Showing posts from May, 2023

Battle Royale (1999)

by Koushun Takami The government of a fascist, alternate-history Japan  selects a junior-high school class at random each year and sequesters them on an island with instructions to either kill each other or be killed by the explosive collars around their necks.  This is a good concept that offers plentiful opportunities for action, moral dilemmas, and social commentary.   Unfortunately, Koushun Takami blows these opportunities fairly consistently.   Koushun Takami What remains is overheated prose for lovers of manga.   "Battle Royale" (Italian) At more than 600 pages (!), this novel is far too long for this slim premise.   "Battle Royale" (French) Lots of pages are given over to the philosophical musings and moral anguish of the 42 participants, which makes for a lot of repetition.   "Battle Royale" (Norwegian) It doesn't help that the book often reads as if it were written by a junior-high student, though it's not clear how much responsibility for

Mad Max Beyond Thunderdome (1985)

Directors: George Miller, George Ogilvie Writers: Terry Hayes & George Miller Stars: Mel Gibson, Tina Turner, Bruce Spence, Adam Cockburn, Frank Thring, Angelo Rossitto, Paul Larsson, Angry Anderson Max (Mel Gibson) becomes entangled in the politics of  Bartertown, a makeshift community in the wilds of the post-apocalyptic Australian desert.  He also encounters a community of children, survivors of an airplane crash.   Before the end of the movie, everyone is involved in a high-speed chase involving planes, trains, and automobiles.   There is much to enjoy in "Thunderdome," particularly in the inventive action sequences, but there is much that doesn't work.   The stunt casting of Tina Turner as Auntie Entity, the ruler of Bartertown, didn't work for me.  She delivers every line as if addressing a concert audience.  The tribe of feral children is also a bit too precious.  However, the fight in the Thunderdome is great, and I was riveted during every chase scene.

A Bridge Too Far (1974)

by Cornelius Ryan Cornelius Ryan presents the story of Operation Market-Garden  with a scholar's attention to detail and a novelist's attention to human drama.   Cornelius Ryan Following D-Day, General Montgomery undertook a daring push to enter Germany and force its surrender.   Paratroopers were dropped in advance to secure important bridges and hold them until ground forces arrived.  Unfortunately, German resistance was far greater than anticipated and the route itself was often too narrow or inadequate in other ways, making the passage of a large armored force impractical.   The result was a debacle and a great waste of human life.  Monuments and memorials are important symbols of our gratitude to the men and women who have sacrificed so much on our behalf.  However, I think books like this are even more valuable.  They bring us as close to standing by their sides as possible for one who wasn't there and deepens our understanding of their gift to us. "The Last Brid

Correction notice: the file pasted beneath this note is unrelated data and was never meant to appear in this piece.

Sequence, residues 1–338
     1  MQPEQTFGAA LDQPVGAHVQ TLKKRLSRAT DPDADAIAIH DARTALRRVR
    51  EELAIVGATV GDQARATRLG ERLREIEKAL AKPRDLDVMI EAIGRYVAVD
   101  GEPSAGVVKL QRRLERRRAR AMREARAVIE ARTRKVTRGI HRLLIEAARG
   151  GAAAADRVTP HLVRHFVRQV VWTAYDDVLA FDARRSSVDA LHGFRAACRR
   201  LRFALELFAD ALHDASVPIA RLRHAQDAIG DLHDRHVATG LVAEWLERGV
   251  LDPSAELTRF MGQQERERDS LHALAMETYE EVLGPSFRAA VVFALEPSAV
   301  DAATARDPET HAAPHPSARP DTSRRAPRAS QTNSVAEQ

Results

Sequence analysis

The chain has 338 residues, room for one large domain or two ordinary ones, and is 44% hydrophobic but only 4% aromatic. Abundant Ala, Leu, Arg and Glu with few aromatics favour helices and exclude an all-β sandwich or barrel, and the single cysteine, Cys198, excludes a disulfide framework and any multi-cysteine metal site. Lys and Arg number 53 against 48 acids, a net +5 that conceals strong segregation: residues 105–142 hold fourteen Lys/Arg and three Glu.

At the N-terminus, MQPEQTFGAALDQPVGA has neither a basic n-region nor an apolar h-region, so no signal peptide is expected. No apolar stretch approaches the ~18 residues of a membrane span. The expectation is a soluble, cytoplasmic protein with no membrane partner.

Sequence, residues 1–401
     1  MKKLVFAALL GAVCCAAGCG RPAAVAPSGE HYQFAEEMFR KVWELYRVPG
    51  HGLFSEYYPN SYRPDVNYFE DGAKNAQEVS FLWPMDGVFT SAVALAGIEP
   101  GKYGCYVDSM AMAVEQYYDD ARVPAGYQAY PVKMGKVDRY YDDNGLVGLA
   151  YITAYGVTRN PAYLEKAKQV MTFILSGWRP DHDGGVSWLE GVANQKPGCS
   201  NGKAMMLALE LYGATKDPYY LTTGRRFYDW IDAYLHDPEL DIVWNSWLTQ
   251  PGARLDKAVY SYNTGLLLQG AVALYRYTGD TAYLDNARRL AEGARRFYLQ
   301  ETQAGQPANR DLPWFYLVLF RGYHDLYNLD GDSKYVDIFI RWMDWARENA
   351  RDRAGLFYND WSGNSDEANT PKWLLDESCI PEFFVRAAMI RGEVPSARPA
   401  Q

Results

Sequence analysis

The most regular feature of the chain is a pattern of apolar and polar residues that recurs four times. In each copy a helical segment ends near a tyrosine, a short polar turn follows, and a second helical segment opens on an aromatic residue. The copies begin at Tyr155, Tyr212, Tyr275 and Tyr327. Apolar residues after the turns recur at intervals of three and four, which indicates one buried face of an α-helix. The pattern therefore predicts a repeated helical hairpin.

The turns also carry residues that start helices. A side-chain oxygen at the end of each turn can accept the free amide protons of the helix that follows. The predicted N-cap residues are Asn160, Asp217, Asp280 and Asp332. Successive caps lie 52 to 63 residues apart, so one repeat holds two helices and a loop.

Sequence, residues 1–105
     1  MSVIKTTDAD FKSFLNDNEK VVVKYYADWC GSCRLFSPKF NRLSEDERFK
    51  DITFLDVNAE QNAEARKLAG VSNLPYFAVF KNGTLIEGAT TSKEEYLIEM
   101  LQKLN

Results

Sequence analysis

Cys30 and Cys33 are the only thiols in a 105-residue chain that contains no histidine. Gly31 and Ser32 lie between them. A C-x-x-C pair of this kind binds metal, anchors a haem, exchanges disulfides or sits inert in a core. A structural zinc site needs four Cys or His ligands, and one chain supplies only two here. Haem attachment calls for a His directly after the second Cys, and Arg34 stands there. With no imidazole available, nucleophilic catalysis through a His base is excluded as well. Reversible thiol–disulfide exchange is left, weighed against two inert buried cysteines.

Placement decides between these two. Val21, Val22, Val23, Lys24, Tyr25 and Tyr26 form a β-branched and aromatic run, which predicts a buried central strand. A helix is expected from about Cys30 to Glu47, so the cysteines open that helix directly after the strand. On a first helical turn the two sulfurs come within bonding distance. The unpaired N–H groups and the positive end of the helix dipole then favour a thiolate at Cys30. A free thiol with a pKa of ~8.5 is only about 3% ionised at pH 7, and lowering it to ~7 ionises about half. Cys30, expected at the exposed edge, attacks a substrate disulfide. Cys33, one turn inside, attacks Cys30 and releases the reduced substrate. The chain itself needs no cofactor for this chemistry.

Barfly (1987)

Director: Barbet Schroeder Writer: Charles Bukowski Stars: Mickey Rourke, Faye Dunaway, Alice Krige, Jack Nance, J.C. Quinn, Frank Stallone, Sandy Martin, Roberta Bassin, Gloria LeRoy Henry Chinaski (Mickey Rourke) is a thinly disguised  stand-in for screenwriter Charles Bukowski.  He is a confirmed drunk with no inclination to be anything else; he is so contemptuous of society and most of the human race that he has simply decided to opt out of it altogether and wile away his years drinking and writing.   His convictions are tested when a beautiful young magazine editor (Alice Krige) arrives to purchase one of his stories.   She sees him as a brilliant, primitive talent and attempts to "save" him by offering money, luxury, and herself.  Will he accept what most of us would consider a golden once-in-a-lifetime opportunity or will he return to his world of dives and his equally dissipated girlfriend, Wanda (Faye Dunaway)?   I won't give it away, but if you know Bukowski, th